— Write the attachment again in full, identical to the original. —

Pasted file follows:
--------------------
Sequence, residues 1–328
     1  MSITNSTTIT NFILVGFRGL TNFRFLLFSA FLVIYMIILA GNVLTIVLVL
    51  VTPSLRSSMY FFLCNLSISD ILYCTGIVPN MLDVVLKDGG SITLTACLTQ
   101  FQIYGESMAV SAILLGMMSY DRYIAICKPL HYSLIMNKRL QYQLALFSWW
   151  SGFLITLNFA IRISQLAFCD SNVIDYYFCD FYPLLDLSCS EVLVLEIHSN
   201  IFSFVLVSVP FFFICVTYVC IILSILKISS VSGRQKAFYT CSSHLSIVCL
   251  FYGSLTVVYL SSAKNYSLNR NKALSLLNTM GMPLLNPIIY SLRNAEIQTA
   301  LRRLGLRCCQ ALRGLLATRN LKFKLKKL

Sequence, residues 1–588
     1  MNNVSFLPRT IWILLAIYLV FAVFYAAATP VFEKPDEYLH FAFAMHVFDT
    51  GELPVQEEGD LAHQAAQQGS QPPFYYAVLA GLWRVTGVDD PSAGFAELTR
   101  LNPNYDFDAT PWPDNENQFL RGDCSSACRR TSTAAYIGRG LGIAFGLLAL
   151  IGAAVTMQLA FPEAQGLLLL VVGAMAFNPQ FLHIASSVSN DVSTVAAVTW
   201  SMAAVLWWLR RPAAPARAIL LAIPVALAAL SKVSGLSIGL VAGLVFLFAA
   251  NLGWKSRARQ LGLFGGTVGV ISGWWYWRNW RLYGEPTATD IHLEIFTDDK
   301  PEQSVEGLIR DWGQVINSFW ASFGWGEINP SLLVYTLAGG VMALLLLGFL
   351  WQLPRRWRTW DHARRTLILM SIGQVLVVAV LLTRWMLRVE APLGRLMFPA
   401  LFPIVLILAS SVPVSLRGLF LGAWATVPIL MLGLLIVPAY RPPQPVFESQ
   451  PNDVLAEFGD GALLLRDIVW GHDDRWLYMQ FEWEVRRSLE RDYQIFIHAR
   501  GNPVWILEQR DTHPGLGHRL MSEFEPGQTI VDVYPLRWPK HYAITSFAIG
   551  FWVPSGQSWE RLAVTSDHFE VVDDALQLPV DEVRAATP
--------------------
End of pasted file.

Sequence, residues 1–328
     1  MSITNSTTIT NFILVGFRGL TNFRFLLFSA FLVIYMIILA GNVLTIVLVL
    51  VTPSLRSSMY FFLCNLSISD ILYCTGIVPN MLDVVLKDGG SITLTACLTQ
   101  FQIYGESMAV SAILLGMMSY DRYIAICKPL HYSLIMNKRL QYQLALFSWW
   151  SGFLITLNFA IRISQLAFCD SNVIDYYFCD FYPLLDLSCS EVLVLEIHSN
   201  IFSFVLVSVP FFFICVTYVC IILSILKISS VSGRQKAFYT CSSHLSIVCL
   251  FYGSLTVVYL SSAKNYSLNR NKALSLLNTM GMPLLNPIIY SLRNAEIQTA
   301  LRRLGLRCCQ ALRGLLATRN LKFKLKKL

Sequence, residues 1–588
     1  MNNVSFLPRT IWILLAIYLV FAVFYAAATP VFEKPDEYLH FAFAMHVFDT
    51  GELPVQEEGD LAHQAAQQGS QPPFYYAVLA GLWRVTGVDD PSAGFAELTR
   101  LNPNYDFDAT PWPDNENQFL RGDCSSACRR TSTAAYIGRG LGIAFGLLAL
   151  IGAAVTMQLA FPEAQGLLLL VVGAMAFNPQ FLHIASSVSN DVSTVAAVTW
   201  SMAAVLWWLR RPAAPARAIL LAIPVALAAL SKVSGLSIGL VAGLVFLFAA
   251  NLGWKSRARQ LGLFGGTVGV ISGWWYWRNW RLYGEPTATD IHLEIFTDDK
   301  PEQSVEGLIR DWGQVINSFW ASFGWGEINP SLLVYTLAGG VMALLLLGFL
   351  WQLPRRWRTW DHARRTLILM SIGQVLVVAV LLTRWMLRVE APLGRLMFPA
   401  LFPIVLILAS SVPVSLRGLF LGAWATVPIL MLGLLIVPAY RPPQPVFESQ
   451  PNDVLAEFGD GALLLRDIVW GHDDRWLYMQ FEWEVRRSLE RDYQIFIHAR
   501  GNPVWILEQR DTHPGLGHRL MSEFEPGQTI VDVYPLRWPK HYAITSFAIG
   551  FWVPSGQSWE RLAVTSDHFE VVDDALQLPV DEVRAATP